G-1X48L403S6
top of page

Norah Elizabeth Hughes née Kirk

4de03b_46293aa5bb604dbc8b230cfcbb473437~mv2.jpg

Created:

Updated:

22 March 2024 at 15:23:44

22 March 2024 at 16:14:28

Written for her children, date not known - possibly late 1950’s, after she was widowed. Typed ‘verbatim’ by her granddaughter Marianne from a hand-written notebook. Comments and corrections in brackets [ ] are by her Grandson Ian W in 2024. Additional material including letters and tributes also provided by Ian.


Excerpt from Norah Kirk’s Memoir – immediately after her Hong Kong wedding. Most of her memoir was about childhood and family life in Dublin, then, three years at Mildmay and a few months back in Dublin before travelling to Hong Kong.


"… There was an uproar [in her family] when I mentioned ''The Mission field', but a compromise when I suggested training as a nurse first; this was accepted as also [was] a year at C.M.S (Church Mission Society) missionary institute as I was not old enough for the hospital, minimum then being 23.


I was a year at the institute and made some grand friends. When I went to interview [with] Miss Cattall at the Mildmay Mission Hospital in Shoreditch, I was still a few months under age, so I remember her saying, "You are not old enough yet, so what will you do?" I said, "Oh, I’ll apply somewhere else"! she gave me a piercing look and replied, "Well then, we'll take you"! Little did any of us know how I was being "led" and the pathway beinq opened.


I joined the staff in August 1902 [Sept. 1904 on her Certificate], and a few days later, John Kirk from Edinburgh joined the same hospital as Junior Medical Officer! Dublin … Edinburgh, who could for[e]see?


I enjoyed every moment of my training. Children, men, women, outpatients. I was not paid any salary until within 6 months of finishing where [when] as staff nurse I got the princely sum of £1 a month, father was very good and sent me £1 a month during all the previous time, and that had to cover shoes, stockings, laundry, and any outings. I often did not go out on off [free] times, as I had no bus money left even though you could go a long one [ride] for 1d. There were no open spaces near or park, except the churchyard nearby with a few iron seats. Miss Cattell sometimes sent me [on] a message to some surgical shop and paid my way [there] and back, that made a good outing.


After 18 months, I was suddenly taken with acute appendicitis and operated on. During my stay in bed, John (Kirk - 'Dads') gave me a present of a book with a small note inside. I was questioned by the ward sister about the book, and she wanted to see the note, which I refused, so she reported it to the matron.


While doing this, I called a patient who was up and about and tearing it in pieces, asked her to put it in the fire, which she did (not knowing anything about it). Sister and matron demanded it on arrival back in the ward and I was harangued on the impropriety of receiving it, and J.K. (John Kirk) impugned for lack of etiquette! But nothing said to him, of course. I recovered! and when up and back in my own room, Matron handed me a letter from J.K. and there as I read it in her presence had to ask to see it and know how I would answer it!! (What cheek!) I was bold and said I would answer him in person, poor old maid that she was, but she then gave in and said we could use her private room that evening to have a talk! She turned trumps in the end and made things easy, only reserving the honour to herself personally and, in my absence, to announce our engagement [first] in the sister and nurses' dining hall and then in the servants' dining room. So she said to me, "Here ends our nurse, Norah". "Not at all I replied I am going to finish my training."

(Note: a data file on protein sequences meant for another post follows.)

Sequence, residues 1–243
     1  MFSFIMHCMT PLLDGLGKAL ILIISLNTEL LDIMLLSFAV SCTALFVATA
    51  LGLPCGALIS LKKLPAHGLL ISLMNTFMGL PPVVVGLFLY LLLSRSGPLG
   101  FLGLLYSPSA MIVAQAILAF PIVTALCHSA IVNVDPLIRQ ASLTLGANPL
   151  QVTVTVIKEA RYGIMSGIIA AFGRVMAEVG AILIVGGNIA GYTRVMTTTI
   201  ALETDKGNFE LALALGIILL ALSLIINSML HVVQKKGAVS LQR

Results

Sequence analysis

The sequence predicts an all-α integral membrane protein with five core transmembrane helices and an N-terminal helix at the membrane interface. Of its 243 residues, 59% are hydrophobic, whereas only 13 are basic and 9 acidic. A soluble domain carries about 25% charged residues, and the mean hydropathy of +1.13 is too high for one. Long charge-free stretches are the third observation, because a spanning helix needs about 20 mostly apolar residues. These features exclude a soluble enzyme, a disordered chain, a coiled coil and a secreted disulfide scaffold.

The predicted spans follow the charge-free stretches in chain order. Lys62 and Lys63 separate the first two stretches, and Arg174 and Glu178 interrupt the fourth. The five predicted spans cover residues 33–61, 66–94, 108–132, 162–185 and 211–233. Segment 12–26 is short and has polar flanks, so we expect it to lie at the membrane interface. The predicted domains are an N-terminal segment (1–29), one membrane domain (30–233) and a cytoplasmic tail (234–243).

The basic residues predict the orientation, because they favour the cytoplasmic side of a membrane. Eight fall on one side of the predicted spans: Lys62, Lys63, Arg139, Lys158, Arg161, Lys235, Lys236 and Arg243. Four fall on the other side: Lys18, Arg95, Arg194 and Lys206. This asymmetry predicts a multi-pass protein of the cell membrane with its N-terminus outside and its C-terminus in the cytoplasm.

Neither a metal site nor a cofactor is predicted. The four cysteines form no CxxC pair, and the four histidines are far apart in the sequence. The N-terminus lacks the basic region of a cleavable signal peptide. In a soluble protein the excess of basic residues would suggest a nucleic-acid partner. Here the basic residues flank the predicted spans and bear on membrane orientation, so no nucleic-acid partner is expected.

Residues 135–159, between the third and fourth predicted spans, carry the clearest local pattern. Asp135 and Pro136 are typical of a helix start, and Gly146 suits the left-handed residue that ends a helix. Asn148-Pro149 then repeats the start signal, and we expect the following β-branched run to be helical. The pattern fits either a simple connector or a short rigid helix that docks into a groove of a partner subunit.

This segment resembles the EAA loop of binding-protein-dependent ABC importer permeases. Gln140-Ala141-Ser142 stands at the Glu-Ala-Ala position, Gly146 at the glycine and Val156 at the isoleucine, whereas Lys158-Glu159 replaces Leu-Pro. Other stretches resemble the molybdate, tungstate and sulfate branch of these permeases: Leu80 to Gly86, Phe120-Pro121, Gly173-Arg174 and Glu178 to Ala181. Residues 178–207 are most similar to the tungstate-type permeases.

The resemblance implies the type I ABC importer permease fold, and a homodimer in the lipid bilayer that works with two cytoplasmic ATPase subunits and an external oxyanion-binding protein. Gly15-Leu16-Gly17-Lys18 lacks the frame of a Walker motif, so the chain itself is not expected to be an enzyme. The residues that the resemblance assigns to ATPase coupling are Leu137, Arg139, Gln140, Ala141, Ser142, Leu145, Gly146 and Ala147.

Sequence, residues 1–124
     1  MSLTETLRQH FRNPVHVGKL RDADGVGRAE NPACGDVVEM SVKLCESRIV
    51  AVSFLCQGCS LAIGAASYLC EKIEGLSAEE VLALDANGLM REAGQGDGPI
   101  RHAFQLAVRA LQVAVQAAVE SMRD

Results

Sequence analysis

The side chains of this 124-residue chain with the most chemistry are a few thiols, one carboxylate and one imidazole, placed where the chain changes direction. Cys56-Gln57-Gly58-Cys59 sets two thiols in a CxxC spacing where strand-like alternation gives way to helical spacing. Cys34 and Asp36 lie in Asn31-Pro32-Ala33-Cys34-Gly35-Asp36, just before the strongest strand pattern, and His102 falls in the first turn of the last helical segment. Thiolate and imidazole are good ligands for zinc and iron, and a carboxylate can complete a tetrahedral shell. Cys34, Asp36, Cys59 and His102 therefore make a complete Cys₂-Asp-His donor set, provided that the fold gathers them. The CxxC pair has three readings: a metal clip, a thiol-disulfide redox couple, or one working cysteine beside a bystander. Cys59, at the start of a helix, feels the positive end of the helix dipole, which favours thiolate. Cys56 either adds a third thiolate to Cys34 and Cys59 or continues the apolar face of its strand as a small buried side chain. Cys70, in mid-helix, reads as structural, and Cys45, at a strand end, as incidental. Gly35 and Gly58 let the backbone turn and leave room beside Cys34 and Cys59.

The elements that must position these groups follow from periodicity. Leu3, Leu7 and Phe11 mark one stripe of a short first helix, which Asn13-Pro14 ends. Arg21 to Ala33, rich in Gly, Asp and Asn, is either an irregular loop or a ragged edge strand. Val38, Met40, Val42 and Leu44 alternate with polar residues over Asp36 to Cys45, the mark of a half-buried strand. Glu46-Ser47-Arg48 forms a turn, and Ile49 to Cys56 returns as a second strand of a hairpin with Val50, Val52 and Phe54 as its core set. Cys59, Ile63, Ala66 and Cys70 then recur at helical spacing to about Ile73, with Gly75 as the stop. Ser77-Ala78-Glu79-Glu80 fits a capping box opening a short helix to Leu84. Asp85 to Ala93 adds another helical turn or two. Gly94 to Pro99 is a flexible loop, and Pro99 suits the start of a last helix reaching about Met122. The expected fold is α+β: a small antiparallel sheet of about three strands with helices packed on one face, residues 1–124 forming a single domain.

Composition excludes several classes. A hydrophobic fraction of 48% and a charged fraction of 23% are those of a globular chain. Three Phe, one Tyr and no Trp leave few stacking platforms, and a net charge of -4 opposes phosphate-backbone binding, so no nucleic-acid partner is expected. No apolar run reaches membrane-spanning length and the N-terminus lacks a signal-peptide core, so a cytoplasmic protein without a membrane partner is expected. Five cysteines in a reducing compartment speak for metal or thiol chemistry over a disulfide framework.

Dads [J.K] sailed to New Zealand when he finished his term as House Surgeon, and I remained another year at Mildmay Hospital, and everyone was most kind and considerate. During my convalescence, I had gone home for a month’s holiday, and John joined me there and met the family. Mother, of course, was sweet, father a bit dubious as if J.K went to N.Z. he might break his leg and father didn't want a lame son-in-law. They compromised by Dads saying well, may I give her a ring, "Oh yes", said father, "as long as it is a nice one!" and so it came about.


During my last year at Mildmay, I was given a lot of responsibility, for which I was very glad, especially in the operating theatre. For this, I got an increase of from £12 per annum up to the magnificent sum of £20 per annum rate, i.e. £10 for 6 months instead of £6!!


All said and done, I was happy there, and the training was sound and thorough in every department. One very funny thing I was informed of was that during the time of the previous matron, all the nurses had a small train at the bottom of their skirts (which were at shoe level in any case!!). This was so that when a nurse leaned forward to help a patient in bed, the train covered her ankles at the back so that no doctor or male patient could see any part of her ankles or legs (preserve us all)!!


When I was finished in Sept 1902 [Oct.1907 on her Certificate], [I] went home and arranged for 6 months maternal work and training in Dublin, but when about to start, father took very ill with flu, and they all begged me to nurse him as he was apt to throw the plates and food at either mother or Aunt Elsie [Norah’s younger sister] if he didn't like it!! Nothing mental! but just his impatience at being laid low, the funny part being that he took all like a babe when I brought it up and fed him, which was a great help to dear mother, the most patient of women.


We spent 3 weeks on honeymoon at a small hotel on ‘the Peak’, Hong Kong being all hill except round the bottom edges. We purchased the necessary furniture for our future house in Canton and up-country. John had had a year’s tuition in Cantonese so could get about everywhere.